Sustainability, waste-free, compostable straws, environmentally friendly — these are all buzz words floating around the news, gearing the public to fight against the compounding waste building up on our planet. With major industries publicly joining in on the journey like coffee shops and restaurants redesigning their plastic lids and cities enforcing a plastic bag ban, it seems that the reduce waste campaign is at full force. But are all these efforts truly necessary? And if we do have a problem on our hands, what difference can these small changes truly make?
Food waste by the numbers
First, let’s look at some of the data.
- 133 billion pounds of food waste are produced annually.
- 7% of that waste contributes to overall greenhouse gas emissions.
- Of all the produce that’s grown, processed and transported within the U.S., 25-40% goes untouched and unconsumed.
- The amount of food waste produced per person per day roughly totals to 1,250 calories.
The numbers present a valid case — waste is an issue and will continue to compound if actions and attitudes don’t change. Although the environmental and sustainability campaign seems like an unbearable feat for any one person to truly make a change, there are certain things that anyone can do to begin making their own impact.
19 ways to shop and eat more sustainably
Here are a few areas where you can begin to cut down on your own waste production today.
How to reduce food waste
Food is an area of waste that is of vital importance. Whenever we eat, drink or grocery shop, we can’t overlook food waste. Why? Food waste not only affects landfill pile up and gas emissions, but it also impacts areas of food insecurity. A 15% reduction in total food waste would be enough to feed 25 million Americans.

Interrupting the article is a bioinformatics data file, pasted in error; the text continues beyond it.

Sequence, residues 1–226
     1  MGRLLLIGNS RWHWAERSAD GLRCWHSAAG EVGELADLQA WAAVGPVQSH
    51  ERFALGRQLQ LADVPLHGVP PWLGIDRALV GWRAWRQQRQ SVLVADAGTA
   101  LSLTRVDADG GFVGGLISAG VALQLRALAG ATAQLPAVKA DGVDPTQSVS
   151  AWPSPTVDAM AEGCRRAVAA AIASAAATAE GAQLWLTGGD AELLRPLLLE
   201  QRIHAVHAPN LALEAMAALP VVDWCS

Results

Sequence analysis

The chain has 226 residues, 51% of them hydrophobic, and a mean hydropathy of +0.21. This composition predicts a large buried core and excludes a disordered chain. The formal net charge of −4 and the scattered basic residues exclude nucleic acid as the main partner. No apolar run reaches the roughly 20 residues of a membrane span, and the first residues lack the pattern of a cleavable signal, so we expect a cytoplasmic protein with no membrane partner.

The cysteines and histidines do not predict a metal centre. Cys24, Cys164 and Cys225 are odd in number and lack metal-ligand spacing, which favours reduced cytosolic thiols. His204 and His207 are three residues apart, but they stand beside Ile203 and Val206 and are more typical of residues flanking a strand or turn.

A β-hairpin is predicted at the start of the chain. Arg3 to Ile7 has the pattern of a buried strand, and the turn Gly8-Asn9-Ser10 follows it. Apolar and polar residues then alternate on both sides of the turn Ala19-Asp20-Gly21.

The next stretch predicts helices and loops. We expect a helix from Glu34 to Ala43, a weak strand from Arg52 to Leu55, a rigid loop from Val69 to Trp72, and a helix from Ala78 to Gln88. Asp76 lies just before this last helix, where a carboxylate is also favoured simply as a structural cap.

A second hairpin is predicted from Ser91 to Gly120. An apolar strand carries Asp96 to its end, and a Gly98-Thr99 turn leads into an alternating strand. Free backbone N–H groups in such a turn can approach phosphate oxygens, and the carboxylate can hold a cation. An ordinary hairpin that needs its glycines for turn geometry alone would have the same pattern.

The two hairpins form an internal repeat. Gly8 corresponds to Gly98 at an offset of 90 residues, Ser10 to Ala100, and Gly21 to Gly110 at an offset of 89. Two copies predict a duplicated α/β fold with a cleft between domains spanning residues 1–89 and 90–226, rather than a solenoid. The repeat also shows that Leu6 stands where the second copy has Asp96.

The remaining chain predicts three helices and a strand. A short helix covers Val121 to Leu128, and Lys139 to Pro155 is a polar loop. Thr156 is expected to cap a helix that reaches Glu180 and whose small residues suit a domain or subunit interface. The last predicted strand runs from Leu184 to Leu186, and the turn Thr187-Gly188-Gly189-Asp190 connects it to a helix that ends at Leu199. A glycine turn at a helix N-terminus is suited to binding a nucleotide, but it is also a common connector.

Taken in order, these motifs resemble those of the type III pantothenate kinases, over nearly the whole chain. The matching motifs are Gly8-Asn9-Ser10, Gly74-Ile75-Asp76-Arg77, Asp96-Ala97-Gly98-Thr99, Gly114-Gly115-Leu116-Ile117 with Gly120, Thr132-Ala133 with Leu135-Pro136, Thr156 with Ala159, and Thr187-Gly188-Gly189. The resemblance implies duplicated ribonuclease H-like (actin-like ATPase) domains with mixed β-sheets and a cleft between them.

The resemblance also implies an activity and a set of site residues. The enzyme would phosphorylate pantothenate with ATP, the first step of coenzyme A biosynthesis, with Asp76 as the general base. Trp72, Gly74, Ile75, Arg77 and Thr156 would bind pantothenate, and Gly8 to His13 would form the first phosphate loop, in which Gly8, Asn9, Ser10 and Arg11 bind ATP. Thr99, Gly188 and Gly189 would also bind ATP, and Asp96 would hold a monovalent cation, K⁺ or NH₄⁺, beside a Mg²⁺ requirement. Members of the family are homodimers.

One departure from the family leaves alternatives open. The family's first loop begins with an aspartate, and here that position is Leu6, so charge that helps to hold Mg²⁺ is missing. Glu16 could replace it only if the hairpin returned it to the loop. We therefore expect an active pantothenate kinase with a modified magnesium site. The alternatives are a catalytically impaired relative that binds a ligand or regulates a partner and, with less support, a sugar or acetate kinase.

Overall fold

The biggest contributor to food waste is leftover and uneaten food. Overbuying at the grocery store and throwing out rotting food at the end of the week not only impacts the environment but your wallet as well. Adequately preparing before a grocery trip is one of the best ways to begin to reduce individual food waste. The best way to combat this is to know how to buy, store and prepare food properly. Adequately preparing before a grocery trip is one of the best ways to begin to reduce individual food waste.
1. Scan the fridge. Know what you have in your fridge before grocery shopping.
2. Make a list. Write down the things you absolutely need to buy.
3. Store it right. Keep food at or below 40 degrees F. Anything above that is known as the “Temperature Danger Zone,” where bacteria grow the most rapidly and the risk of getting a foodborne illness increases.
4. Freeze it well. Any food or leftovers that aren’t currently being eaten can be packed and stored in the freezer for up to about three months. Be sure to use freezer-safe glass dishes with an airtight lid and mark the date on it.
5. Pay attention to quality. The “use by” and “sell by” dates refer to the quality of the food. Most foods can be eaten after those dates. Use your nose and better judgment when consuming those foods.
6. Shop in season. Not only is shopping for seasonal produce better for your wallet, but produce in season is at its peak ripeness and freshness, perfect for your taste buds!